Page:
When I started to work on Litany of Loreto I didn't know how much praying and reading and research would be involved.
As time went on, I began to enjoy more and more dipping into the theology of Mary, the Mother of God, and trying to translate this Mariology into reasonably understandable and devotional terms for the reader not only to learn from, but to enjoy a little too.
Above all, the writing has involved me, as I hope its reading will involve you, in a deeper appreciation of and love for Our Lady—and should it achieve this in even one reader, it will have been worth the whole task. Indeed, I may say, it has already been worthwhile for what it has achieved in me.
So, get out that prayer book at the Litany of Loreto and read it, pray it, with each invocation.
Take out the hymnal too and re-read those lovely hymns to Our Lady which you have probably sung out in church without
really plumbing the depths of their meaning. Take the rosary from your mantlepiece (or, better, your pocket) and
ply the beads in honour of Jesus and Mary.
I suppose there are as many forms of prayer as there are people. We all have our own way of talking to God. Some are gifted with a certain ease in contemplation—sitting quietly in the presence of God and letting him act on us, with very few words. Indeed, this openness to God's action upon us is something worth practising and striving for. Others find this more difficult, but stick to simple forms of vocal prayer learned when they were young. Indeed, St Therese of Lisicux always maintained that she could never get beyond the words 'Our Father' in the Lord's Prayer, so full did her mind become at the very word 'Father'.
Other people need pit-props in prayer, the Rosary, Prayer Books, the Thirty Days' Prayer—and have their special 'favourites' amongst the prayers of the great Saints.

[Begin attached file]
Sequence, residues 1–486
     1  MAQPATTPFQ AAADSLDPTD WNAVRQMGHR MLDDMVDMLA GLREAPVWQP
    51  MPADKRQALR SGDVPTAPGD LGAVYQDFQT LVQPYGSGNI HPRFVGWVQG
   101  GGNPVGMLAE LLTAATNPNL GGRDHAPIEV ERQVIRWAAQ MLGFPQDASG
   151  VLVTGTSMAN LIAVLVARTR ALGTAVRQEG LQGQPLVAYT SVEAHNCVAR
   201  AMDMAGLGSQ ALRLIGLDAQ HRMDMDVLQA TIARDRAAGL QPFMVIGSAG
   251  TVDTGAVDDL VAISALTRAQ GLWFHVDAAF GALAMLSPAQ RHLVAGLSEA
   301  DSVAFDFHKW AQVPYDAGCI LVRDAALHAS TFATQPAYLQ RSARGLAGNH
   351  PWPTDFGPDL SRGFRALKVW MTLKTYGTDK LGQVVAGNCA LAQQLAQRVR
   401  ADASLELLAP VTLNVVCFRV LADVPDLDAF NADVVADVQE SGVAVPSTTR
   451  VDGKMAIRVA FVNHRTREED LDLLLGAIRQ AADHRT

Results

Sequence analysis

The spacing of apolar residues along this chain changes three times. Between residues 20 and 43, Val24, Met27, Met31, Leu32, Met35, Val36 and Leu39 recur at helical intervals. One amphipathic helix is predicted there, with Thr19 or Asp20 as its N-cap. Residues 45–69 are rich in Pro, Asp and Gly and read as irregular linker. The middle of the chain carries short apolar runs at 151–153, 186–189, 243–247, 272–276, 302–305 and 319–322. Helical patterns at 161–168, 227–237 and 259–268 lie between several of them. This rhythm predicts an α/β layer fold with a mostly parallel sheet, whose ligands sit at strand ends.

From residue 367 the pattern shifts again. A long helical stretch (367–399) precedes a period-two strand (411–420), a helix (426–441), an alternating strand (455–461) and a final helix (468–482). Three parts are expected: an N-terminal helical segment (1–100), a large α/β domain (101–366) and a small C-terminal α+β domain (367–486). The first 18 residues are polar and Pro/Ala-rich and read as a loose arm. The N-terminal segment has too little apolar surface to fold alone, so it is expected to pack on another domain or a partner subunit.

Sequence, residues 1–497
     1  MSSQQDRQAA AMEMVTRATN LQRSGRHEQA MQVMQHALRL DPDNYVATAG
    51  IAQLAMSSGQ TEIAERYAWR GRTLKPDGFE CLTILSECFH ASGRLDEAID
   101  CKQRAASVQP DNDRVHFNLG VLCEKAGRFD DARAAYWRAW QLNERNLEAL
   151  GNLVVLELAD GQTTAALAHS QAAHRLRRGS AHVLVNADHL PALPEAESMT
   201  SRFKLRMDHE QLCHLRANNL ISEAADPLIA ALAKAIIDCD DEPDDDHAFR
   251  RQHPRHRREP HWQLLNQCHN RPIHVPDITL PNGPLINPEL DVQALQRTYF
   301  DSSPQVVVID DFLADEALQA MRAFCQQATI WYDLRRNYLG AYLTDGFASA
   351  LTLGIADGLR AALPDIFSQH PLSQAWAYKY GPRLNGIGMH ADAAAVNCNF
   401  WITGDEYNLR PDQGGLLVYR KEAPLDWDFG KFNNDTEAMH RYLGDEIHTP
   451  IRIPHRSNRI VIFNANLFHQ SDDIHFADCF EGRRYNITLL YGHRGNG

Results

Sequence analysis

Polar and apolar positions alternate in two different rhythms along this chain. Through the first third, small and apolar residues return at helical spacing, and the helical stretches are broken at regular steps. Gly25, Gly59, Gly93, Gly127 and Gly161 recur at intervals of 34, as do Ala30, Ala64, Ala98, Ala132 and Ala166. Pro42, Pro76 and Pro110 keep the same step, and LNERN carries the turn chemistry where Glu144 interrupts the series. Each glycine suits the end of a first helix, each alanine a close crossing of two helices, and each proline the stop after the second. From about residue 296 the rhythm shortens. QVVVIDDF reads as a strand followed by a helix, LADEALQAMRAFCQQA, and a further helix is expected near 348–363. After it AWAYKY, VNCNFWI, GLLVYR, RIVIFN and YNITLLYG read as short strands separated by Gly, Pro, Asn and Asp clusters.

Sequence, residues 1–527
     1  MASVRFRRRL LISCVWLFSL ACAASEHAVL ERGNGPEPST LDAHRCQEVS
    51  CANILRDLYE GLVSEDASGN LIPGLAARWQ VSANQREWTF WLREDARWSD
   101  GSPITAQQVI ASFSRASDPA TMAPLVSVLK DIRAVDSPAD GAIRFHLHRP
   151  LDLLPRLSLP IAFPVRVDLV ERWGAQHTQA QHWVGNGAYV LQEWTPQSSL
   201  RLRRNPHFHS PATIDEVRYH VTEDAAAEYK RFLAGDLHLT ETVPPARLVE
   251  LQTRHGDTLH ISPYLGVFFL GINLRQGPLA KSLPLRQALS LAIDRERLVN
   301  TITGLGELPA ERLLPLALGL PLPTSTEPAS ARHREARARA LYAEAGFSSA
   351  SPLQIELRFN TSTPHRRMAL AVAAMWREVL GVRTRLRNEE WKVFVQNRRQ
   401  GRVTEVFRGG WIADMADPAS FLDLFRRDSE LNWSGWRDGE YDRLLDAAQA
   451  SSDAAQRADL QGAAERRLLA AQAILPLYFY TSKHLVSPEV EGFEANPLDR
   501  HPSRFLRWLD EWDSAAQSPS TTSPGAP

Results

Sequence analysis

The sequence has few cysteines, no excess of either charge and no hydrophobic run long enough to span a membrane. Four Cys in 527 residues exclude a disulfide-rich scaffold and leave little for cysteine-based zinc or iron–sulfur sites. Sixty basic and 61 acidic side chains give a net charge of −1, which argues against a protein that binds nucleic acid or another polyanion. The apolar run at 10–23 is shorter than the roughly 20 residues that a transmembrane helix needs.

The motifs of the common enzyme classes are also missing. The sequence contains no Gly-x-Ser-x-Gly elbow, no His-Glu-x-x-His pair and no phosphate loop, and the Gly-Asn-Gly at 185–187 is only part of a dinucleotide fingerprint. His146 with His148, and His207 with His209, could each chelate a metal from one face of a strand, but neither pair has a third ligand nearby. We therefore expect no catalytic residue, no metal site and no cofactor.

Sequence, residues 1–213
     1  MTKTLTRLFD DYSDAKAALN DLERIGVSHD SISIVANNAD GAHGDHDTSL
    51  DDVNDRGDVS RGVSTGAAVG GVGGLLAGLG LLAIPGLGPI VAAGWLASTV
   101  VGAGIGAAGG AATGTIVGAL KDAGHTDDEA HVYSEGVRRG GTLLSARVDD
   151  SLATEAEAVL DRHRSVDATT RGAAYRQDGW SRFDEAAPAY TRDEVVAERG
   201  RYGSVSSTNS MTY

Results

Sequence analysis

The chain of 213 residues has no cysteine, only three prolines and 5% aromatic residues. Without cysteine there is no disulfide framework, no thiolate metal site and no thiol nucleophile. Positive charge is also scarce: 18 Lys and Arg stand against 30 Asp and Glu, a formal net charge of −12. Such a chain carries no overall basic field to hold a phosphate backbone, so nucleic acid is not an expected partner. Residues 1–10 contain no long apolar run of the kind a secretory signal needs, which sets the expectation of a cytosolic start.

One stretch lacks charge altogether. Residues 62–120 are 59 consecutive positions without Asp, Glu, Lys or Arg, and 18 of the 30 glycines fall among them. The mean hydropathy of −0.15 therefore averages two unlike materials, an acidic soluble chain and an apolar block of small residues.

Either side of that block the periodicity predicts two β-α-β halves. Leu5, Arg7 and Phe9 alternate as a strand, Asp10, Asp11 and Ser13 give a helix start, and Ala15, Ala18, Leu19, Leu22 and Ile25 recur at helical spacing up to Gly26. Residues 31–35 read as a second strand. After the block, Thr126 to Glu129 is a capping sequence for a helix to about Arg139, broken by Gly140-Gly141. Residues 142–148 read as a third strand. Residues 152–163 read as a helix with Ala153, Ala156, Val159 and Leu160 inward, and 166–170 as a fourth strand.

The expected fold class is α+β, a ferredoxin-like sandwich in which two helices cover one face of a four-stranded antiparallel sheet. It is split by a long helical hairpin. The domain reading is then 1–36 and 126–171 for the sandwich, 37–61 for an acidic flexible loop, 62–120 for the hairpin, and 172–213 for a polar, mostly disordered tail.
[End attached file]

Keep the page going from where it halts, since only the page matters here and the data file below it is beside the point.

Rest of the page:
The important thing is to pray—to get into contact and raise your mind and heart to God frequently, wherever you may find yourself: it's a question of giving time to God instead of to other things. St Benedict's 'To work is to pray' must be interpreted correctly . . . he did not mean that work was a substitute for prayer, but that it is possible to raise your mind and thoughts to God even during work. His adage must not be used as an escape from contact with God, even during work.
We must not look askance, then, at others' preference for this or that method of praying. It is important to discover what is good for ourselves, and through this to develop with the passage of time into people from whom God is never far away. Maybe a new definition of prayer (another to add to the thousands!) would be simply, 'to live constantly in the presence of God'. Never, but never, say 'I'm not very good at prayer' .. . if you do, my answer would be 'Then become good at it', for it takes the grace of God and practice of years to be constantly aware of the presence of God all around you in everything and everyone. Besides, you must not look always for consolation in prayer: sometimes it is the constant doing down of distractions which makes for the best effort, and it's effort which the Lord looks for, and not merely results. Surely one of the finest prayers of Our Lord himself was his agonising prayer in Gethsemani. And the answer to that particular prayer was a clear 'No' from the Father.
Nor must prayer be looked upon as a mere asking, pestering of God for favours. Prayer, like the
Mass itself, can be the sheer adoration of God, thanking him for his innumerable benefits, confessing our own sins
and unworthiness; I would say that these aims in prayer are the proper priorities, way ahead of asking for favours:
if your prayer has become sheer adoration, there will never be a need for any other sort!
Review by Dr Pravin Thevathasan